Now that the Kent County Water Authority's boil-water advisory has been lifted, questions remain about both the agency's timing and its method of notification of the potentially-deadly situation. E. coli, found in a water sample Sunday, can cause vomiting and diarrhea or worse.
When Kent County Water Authority got the total coliform test result, the agency did what it has done on other occasions when a sample tested positive for total coliform – it retested. That's the protocol used by both the state health department and the federal Environmental Protection Agency.
As for how often KCWA has gotten total coliform test results in the past, General Manager Tim Brown said, "It is not often that we see it. . . . probably less than 1 percent of our samples."
KCWA tests from 100 to 120 samples a week, he said. "It is rare that we see them but they do occur."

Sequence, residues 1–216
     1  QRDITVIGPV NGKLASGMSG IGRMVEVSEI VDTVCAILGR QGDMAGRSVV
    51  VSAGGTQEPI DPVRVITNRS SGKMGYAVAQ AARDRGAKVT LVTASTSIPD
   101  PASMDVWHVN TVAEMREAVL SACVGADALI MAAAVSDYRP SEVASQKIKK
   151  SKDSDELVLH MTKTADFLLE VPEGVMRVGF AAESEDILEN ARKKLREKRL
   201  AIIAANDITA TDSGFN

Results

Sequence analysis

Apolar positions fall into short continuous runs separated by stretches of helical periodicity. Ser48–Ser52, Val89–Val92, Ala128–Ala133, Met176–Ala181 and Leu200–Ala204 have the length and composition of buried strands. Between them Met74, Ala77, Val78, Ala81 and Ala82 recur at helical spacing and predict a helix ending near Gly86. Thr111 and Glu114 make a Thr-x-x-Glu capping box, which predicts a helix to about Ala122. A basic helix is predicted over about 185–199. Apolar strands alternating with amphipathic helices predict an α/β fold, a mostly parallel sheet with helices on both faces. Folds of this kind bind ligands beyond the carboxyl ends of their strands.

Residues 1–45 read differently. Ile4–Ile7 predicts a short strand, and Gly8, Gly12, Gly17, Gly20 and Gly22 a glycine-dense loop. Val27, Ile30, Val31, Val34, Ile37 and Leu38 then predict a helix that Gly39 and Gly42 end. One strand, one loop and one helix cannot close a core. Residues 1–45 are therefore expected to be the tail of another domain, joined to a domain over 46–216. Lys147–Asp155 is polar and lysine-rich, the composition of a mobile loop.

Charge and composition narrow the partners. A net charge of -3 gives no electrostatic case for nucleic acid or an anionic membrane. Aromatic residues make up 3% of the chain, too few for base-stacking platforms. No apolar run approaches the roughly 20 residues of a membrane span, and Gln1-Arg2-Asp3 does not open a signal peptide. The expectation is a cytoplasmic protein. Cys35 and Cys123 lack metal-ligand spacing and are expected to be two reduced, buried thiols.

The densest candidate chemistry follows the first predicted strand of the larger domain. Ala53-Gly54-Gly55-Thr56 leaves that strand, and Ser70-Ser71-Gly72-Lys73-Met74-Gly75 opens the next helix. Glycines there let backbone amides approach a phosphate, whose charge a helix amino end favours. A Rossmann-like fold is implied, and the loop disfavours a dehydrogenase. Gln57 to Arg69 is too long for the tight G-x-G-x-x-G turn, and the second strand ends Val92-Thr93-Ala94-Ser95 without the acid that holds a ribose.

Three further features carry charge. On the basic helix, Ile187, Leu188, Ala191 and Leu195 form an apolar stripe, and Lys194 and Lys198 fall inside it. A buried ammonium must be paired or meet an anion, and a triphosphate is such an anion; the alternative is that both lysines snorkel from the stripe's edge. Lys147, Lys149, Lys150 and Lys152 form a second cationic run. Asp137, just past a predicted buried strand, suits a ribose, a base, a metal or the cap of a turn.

Getting a test result showing E. coli, on the other hand, had never occurred at the agency, according to Brown. KCWA was established by the General Assembly in 1946.
The agency notified the health department, then issued a boil-water advisory to media outlets – at least most media outlets. KCWA faxed the notifications. Outlets like Patch do not use fax machines. Affected municipalities were not initially notified. In addition, the agency had no customer phone alert system in place.
According to KCWA Commissioner Peter Masterson (who represents East Greenwich on the board), the agency is already exploring phone alert systems. And they have begun to institute email alerts.
"You've got to remember this has not happened before," said Masterson Wednesday. "Maybe we weren't as quick on our feet as we should have been, but I think we were. We could have been faster and next time we will, if it ever happens again."
As for where the problem started and what caused it, Brown said the agency will be looking for those answers in coming days.
"We will be focusing on the whole system to look at it, as to where possibly this could have occurred," he said.